I was wondering how the rest of you assess fluency in math in first grade. What are the desired goals? Are there certain facts that they are supposed to know at a certain rate? If anyone has any websites, assessments or anything else, please help! I want to make sure I'm giving my kids what they need. Thanks!

In our district, we assess addition and subtraction facts to 10 three times a year. (2nd, 3rd, 4th marking periods) We have a one assessment paper that we use all three times. It has 30 equations. We time the students for 2 minutes. The following are the benchmarks.

14-30 correct (meets the standard)
9-13 correct (working toward the standard)
0-8 correct ( Area of concern)

I feel that assessing fluency in first grade is not developmental appropriate, but it is part of the report card.
I hope this helps.

assessment on math facts fluency but we do daily speed tests starting after Christmas. We have "sets" of tests. For example, set 1 consists of 0 and 1's: 5+1, 6+0 etc. There are 30 problems on a half sheet. We start out giving the students 5 minutes then we cut down to three once they get some speed.

The students have to pass the same test two times in one set before they can proceed to the next set. We keep a chart to help keep up with all the different levels.

In our district, they do not want us teaching memorization of math facts, like using timed math tests. They want us covering things "in depth" and to masterly and I think second handles the memorization of it. But I liked to used Mad Minutes, when I had a highed level class, and they loved them.

Our students start timed math facts tests the first month of school. It is too early for some and they have no idea what to do. The first one is the benchmark (which is the end of the year test) to see what they know and still need to work on. Every month for progress monitoring I have to use the end of the year test, but use the leveled test in between to help the kids master the level that they are working on.
They have to be able to pass a 25 question facts to/from 18 test, with 85% or higher by the end of the year. They get 5 minutes to complete these. There are levels that they have to complete starting with facts to/from 8, then it moves up to facts to/from 18.
My second graders have to complete a 50 question mixed facts to/from 20 test by the end of the year.
In between these I use the timed math facts tests from the back of the Evan Moor Basic Math Skills book. I also have One Minute Math books that I can use.
If you have a subscription to enchantedlearning, abcteach, or edhelper, you can make your own math facts timed tests.

My school just started using Otter Creek in November. It is a fluency program which allows students to get oral practice and they take a one minute timed test every day. There are 26 levels for addition, subtraction, and multiplication labeled A-Z. All of my students are working on addition flency right now. They are on levels B-K depending on facts they've already mastered. The thing is for each level they only introduce four new problems. For example, Level B' new problems could be 5+1=7, 1+=7, 2+3=5, 3+2=5 it will also include all the problems from Level A too. Each level is a review of some of the previous problems and two new problems with their reciprocals. Each student has an individual goal to meet or beat. If Sally's goal is 24 problems correct and she gets 29 correct on the one minute that day, her new goal i 29 and she moves on to the next level. Everyday I pair students up and they get five minutes of oral practice. One person has the practicebooklet and the oher has the answers. They have to ay the problem aloud while their partner checks their anwers. They have to say "two plus two euals four." If the student gets it wrong, the checker tells them the correct problem and answer. THe person then says the problem three times correctly. We then take a one minute time test based on whatever level the student is on. On Fridays, we take a two minute test, which they also have a goal for, that includes all the stubtraction facts, level A-Z. After student completes to level Z for addition, they will start at Level A for subtraction facts. I've seen a huge difference in my students fact fluency in the short time we've done the program.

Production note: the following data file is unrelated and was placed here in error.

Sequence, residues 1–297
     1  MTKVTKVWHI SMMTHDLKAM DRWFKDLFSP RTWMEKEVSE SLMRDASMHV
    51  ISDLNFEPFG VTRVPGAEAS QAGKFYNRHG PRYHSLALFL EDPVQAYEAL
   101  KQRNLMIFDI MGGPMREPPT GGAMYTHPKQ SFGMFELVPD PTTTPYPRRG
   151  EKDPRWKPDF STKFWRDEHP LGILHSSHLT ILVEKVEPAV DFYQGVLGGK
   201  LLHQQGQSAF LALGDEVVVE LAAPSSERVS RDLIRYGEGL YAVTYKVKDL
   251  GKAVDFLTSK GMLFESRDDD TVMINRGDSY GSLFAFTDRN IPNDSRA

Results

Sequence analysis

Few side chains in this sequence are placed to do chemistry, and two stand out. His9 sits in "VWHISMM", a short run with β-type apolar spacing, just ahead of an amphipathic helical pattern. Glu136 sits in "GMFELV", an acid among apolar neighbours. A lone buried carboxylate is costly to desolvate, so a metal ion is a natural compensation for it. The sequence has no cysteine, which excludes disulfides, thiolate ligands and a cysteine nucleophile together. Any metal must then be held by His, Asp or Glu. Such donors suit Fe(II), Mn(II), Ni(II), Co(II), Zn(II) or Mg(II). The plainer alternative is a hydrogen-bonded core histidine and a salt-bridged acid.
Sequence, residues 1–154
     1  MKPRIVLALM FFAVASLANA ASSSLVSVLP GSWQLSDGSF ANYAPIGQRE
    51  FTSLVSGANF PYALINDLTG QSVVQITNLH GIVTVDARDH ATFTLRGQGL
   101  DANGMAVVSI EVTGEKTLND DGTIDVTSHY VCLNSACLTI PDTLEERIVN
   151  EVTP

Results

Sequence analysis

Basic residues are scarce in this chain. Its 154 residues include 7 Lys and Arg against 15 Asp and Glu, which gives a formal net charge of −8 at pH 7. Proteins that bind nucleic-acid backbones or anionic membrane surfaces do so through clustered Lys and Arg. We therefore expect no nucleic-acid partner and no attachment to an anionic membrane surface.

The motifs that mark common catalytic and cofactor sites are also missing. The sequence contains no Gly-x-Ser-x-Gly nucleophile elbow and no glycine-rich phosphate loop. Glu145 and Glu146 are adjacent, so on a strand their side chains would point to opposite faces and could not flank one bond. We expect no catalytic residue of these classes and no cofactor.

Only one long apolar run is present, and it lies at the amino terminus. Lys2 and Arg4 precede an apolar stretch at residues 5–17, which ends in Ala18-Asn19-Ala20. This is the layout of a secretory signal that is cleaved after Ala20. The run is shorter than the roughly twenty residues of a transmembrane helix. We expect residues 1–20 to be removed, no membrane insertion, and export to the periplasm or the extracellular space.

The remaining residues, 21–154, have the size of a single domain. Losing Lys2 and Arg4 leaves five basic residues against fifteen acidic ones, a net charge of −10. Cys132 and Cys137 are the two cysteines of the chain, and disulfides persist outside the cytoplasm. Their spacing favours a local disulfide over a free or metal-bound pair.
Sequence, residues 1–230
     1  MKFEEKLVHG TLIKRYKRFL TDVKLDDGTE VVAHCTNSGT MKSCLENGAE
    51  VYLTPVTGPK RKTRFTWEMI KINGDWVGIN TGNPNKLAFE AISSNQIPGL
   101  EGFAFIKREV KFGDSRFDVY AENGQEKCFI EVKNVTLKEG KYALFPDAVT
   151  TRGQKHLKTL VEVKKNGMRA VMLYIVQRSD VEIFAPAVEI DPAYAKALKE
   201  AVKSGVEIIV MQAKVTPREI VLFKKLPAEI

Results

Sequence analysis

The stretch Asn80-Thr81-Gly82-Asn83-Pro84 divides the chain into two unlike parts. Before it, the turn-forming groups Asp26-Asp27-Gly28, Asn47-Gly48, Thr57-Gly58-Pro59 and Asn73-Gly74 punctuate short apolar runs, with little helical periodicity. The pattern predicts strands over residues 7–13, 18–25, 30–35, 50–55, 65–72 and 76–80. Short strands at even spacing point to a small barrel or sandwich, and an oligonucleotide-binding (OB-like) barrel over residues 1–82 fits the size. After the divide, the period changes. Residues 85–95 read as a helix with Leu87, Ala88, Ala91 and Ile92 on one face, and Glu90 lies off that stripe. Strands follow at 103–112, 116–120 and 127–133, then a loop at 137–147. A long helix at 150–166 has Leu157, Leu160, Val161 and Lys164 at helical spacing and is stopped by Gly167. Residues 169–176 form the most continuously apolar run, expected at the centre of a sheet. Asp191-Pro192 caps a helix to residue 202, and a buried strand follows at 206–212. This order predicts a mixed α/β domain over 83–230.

I used Mad Minutes in third grade, so this year when I moved down to 1st/2nd I decided what the heck. I only have 8 first graders and all but one love them. The one who doesn't love them it is because she is brilliant, but she is still at a first grade level for the time it takes her to add (she uses her fingers quite a bit, doesn't memorize, etc..) vs. everything else takes her no time at all. They have 3 minutes to do 30 problems. I have no concept if that is too much time or not. I just figured in third grade I gave them a minute and 15 seconds, so I give 2nd two minutes, and figured 1st should have three. They have to get at least 27/30 correct and then they get to move on to the next one.

Be sure to check what your state's P.A.S.S. standards are first. Our math standards were just revised a few mos. ago and now studs. have to be fluent in subtr. facts and add. facts to 18.

I assess several things:

First of all: Can stud. model the process?

Next: Can he /she write a number sentence for pictoral math facts?

Next: Can he/she solve subtr. facts? If yes, how does he she do this?

What strategy is he/she applying?

I make my own tests based upon where we are in the "scope and sequence" of things.
Students then are given manips.; (usually Unifix cubes), and then are asked to erect their privacy screens to take the test. I DO NOT time their test. Usually, even the slowest students are finshed within 45 minutes or so.

*Privacy screens are made by me.

*P.A.S.S." stands for Priority Academic Student Skills. It seems that district by distric, state by state, these can vary quite a bit I have found.